The statement said the three “would have preferred to continue to describe economic conditions as likely to warrant exceptionally low levels for the federal funds rate for an extended period,” retaining the old language.

Fisher and Plosser have warned repeatedly that the Fed risks stoking inflation or another asset bubble by keeping money too easy for too long.

The dissension on the Fed’s committee could make it tougher for Bernanke to muster support in the months ahead for other potential policy changes, which could include pumping more money into the financial system in an effort to stimulate growth.

With Congress and President Obama seemingly stalemated over major new economic initiatives, and with stock prices tumbling, Wall Street has again been looking to the Fed to provide help for the economy.

The National Federation of Independent Business said Tuesday that its latest survey found that optimism among small businesses fell in July for the fifth month in a row.

“The percent of owners citing poor sales as their top problem has faded a few points, and reports of sales trends are much better than a few months ago” the federation said in a report.

“But that has not been enough to buck up owner optimism. Something else is troubling business owners and consumers,” it said. “Maybe the incompetence of leadership in Washington revealed by the debt-ceiling madness that has taken over the news.”

In its statement, the Fed made explicit that policymakers considered — and were prepared to act on — other policy steps.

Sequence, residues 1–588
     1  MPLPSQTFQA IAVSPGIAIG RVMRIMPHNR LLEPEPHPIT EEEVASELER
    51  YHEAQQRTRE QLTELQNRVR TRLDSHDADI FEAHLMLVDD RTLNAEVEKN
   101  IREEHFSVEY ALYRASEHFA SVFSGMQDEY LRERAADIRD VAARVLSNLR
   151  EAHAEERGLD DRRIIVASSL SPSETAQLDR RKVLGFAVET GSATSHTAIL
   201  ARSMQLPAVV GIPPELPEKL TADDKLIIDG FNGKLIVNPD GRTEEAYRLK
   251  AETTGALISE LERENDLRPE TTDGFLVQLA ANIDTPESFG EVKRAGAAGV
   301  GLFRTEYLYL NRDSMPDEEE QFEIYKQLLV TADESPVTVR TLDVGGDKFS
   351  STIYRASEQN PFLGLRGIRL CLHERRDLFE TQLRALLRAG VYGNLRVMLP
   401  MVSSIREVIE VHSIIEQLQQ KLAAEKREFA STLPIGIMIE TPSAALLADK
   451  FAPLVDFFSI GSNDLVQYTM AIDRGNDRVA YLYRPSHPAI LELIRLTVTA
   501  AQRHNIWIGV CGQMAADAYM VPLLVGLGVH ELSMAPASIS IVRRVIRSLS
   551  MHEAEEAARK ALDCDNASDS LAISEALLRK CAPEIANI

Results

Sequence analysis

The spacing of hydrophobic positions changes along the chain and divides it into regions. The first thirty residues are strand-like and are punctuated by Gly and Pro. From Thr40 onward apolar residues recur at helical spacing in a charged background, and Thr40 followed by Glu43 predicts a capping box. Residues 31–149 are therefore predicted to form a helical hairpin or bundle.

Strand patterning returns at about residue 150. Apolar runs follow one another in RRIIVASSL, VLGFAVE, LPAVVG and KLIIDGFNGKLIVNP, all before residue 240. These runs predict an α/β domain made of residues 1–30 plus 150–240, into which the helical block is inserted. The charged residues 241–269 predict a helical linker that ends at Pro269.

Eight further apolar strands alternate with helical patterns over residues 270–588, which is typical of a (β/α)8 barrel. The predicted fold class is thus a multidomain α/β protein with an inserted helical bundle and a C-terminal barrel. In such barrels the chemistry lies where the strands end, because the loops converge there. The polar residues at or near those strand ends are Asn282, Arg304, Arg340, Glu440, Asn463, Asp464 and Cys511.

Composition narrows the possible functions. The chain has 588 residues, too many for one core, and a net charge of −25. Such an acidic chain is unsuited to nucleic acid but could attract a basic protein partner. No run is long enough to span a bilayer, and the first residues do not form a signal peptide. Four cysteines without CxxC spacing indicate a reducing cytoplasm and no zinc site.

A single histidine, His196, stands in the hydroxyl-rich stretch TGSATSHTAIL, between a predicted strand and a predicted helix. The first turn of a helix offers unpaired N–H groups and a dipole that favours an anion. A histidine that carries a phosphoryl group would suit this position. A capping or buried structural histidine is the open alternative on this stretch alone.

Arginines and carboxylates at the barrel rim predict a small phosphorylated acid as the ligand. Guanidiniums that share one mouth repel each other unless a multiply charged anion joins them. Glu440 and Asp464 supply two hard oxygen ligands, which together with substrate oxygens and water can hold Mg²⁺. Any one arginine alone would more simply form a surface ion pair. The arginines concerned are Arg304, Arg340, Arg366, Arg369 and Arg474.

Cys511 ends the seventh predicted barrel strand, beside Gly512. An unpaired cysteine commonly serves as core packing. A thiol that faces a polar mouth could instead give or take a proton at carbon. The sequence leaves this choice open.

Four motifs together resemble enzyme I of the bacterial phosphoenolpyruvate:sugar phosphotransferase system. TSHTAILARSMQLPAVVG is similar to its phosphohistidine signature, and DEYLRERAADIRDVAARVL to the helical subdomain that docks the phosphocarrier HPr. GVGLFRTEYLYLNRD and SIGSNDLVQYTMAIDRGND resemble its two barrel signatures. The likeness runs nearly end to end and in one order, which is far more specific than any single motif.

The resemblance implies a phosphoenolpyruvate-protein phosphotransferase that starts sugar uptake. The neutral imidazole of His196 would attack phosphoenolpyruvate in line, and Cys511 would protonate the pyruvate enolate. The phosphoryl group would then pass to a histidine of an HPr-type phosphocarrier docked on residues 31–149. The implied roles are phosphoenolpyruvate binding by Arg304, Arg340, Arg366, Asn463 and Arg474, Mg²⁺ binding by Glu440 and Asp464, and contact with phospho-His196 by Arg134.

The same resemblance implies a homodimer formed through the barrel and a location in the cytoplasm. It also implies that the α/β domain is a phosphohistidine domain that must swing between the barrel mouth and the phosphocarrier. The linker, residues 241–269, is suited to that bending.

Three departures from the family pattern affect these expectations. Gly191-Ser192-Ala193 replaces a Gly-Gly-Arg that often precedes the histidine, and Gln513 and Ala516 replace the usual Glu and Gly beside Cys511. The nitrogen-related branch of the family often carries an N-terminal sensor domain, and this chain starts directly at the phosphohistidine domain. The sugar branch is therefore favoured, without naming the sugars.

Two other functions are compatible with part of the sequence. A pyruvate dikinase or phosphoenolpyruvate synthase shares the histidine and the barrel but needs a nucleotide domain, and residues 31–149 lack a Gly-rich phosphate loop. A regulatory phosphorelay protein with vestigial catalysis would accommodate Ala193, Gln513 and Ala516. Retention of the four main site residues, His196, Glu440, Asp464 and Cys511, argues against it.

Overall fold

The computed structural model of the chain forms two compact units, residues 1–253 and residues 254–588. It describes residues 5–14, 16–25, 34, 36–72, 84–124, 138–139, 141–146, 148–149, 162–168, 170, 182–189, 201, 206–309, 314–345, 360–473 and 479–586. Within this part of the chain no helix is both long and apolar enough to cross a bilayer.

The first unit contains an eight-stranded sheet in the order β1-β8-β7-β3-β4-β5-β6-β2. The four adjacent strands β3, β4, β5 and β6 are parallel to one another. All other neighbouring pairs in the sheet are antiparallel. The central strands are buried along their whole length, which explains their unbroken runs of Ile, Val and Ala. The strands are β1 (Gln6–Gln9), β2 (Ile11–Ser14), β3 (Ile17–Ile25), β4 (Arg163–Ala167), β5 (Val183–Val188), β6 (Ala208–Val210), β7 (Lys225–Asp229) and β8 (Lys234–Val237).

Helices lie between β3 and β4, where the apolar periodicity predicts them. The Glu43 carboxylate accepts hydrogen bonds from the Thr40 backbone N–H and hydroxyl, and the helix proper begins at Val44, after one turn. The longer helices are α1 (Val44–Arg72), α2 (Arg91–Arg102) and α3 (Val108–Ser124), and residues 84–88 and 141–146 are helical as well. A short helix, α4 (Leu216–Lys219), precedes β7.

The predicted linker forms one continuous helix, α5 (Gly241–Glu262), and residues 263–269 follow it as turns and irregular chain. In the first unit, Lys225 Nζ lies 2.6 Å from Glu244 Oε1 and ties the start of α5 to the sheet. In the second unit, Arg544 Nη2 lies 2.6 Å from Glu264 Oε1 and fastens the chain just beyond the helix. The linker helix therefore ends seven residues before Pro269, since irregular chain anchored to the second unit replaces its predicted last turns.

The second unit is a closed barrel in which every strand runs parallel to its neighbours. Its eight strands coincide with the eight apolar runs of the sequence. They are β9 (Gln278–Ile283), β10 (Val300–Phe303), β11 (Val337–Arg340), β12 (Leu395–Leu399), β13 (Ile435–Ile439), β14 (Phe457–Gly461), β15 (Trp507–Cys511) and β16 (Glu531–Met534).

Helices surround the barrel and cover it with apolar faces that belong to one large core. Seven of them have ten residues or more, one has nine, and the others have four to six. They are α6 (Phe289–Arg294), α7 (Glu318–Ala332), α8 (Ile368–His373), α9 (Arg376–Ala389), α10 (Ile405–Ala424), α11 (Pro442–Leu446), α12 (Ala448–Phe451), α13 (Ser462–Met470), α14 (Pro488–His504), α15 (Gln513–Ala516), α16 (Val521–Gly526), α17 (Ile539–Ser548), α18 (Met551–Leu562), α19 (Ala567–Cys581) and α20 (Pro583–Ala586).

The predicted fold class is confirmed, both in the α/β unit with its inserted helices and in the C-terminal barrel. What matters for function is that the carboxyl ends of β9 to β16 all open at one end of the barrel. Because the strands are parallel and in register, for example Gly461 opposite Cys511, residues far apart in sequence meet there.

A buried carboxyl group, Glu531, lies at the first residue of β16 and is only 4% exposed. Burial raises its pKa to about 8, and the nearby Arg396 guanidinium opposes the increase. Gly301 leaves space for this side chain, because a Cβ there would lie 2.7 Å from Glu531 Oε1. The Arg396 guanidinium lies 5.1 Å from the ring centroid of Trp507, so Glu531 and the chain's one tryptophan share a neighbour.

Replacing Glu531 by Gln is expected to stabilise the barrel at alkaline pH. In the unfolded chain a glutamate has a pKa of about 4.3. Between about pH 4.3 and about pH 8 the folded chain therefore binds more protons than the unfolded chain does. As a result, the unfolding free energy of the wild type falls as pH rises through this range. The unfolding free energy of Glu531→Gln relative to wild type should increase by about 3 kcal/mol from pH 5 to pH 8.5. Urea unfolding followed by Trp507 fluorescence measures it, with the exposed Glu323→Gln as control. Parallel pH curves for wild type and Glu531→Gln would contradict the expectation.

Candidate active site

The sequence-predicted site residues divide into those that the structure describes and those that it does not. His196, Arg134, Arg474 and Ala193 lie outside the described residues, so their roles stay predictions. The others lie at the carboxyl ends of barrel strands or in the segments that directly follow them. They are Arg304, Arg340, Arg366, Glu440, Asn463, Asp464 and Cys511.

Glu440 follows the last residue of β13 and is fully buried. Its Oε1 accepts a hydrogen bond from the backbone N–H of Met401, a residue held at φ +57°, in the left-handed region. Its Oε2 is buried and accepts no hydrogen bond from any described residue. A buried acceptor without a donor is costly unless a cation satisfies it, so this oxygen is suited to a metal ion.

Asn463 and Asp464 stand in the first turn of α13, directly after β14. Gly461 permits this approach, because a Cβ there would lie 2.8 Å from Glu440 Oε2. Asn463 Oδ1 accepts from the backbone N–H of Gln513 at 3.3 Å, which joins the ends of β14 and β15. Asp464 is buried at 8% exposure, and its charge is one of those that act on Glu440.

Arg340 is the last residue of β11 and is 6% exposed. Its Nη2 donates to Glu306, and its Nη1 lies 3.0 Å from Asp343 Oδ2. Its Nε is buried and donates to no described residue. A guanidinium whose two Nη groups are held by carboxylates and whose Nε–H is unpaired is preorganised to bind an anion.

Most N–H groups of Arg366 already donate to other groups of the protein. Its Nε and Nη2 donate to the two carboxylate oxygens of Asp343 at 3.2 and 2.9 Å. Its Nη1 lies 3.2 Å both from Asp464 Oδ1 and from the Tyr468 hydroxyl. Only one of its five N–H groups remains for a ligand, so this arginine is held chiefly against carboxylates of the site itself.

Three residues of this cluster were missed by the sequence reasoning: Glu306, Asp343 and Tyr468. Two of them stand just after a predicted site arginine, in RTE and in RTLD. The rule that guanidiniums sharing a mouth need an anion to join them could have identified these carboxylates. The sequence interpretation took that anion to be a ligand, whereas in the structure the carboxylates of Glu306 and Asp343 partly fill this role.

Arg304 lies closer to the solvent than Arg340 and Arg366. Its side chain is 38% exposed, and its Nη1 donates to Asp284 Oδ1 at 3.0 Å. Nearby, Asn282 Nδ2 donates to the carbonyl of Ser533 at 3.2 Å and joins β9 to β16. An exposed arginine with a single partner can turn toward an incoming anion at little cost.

Some analysts said they expected the Fed would follow later this year with another round of large-scale Treasury bond purchases that could drive longer-term interest rates even lower.

But many experts note that interest rates aren’t the economy’s real problem: Rather, growth has been held back by low demand for goods and services from both businesses and consumers.

The dissent by the three Fed officials in Tuesday’s vote shows that, on the issue of low interest rates, “we’ve tried this and it hasn’t worked,” said Howard Simons, market strategist at Bianco Research in Chicago.

“The problem is, you’ve kind of used all your ammunition,” said Dean Croushore, chairman of the economics department at the University of Richmond and coauthor of a textbook with Bernanke. “Everything you have is a lot dicier. I think they might want to save any ammunition in case it gets worse.”

Among other policy options, the Fed could commit to maintaining its $2.6-trillion investment bond portfolio for an extended period, which would be akin to keeping money in circulation.

Bernanke also has talked about cutting to zero the 0.25% interest that the Fed pays banks to park their excess cash with the Fed. A lower rate could encourage lenders to put that money into use in the economy.

Some Fed analysts were sharply critical of the language change on interest rates.

“It’s a foolish thing to do because they have no way of knowing what things are going to be like in 2013,” said Allan Meltzer, a Fed historian at Carnegie Mellon University.

The move might be good for stock investors, he said, but it won’t help the broader economy, and will debase the dollar and sow the seeds of inflation.

The dollar tumbled Tuesday after the Fed issued its statement, driving the greenback to a record low against the Swiss franc and near a record low against the Japanese yen.

Gold, which has been rocketing this year as some investors have lost faith in the dollar, zoomed to a record, trading as high as $1,770 an ounce. The price has soared from $1,421 at the start of the year.

don.lee@latimes.com

tom.petruno@latimes.com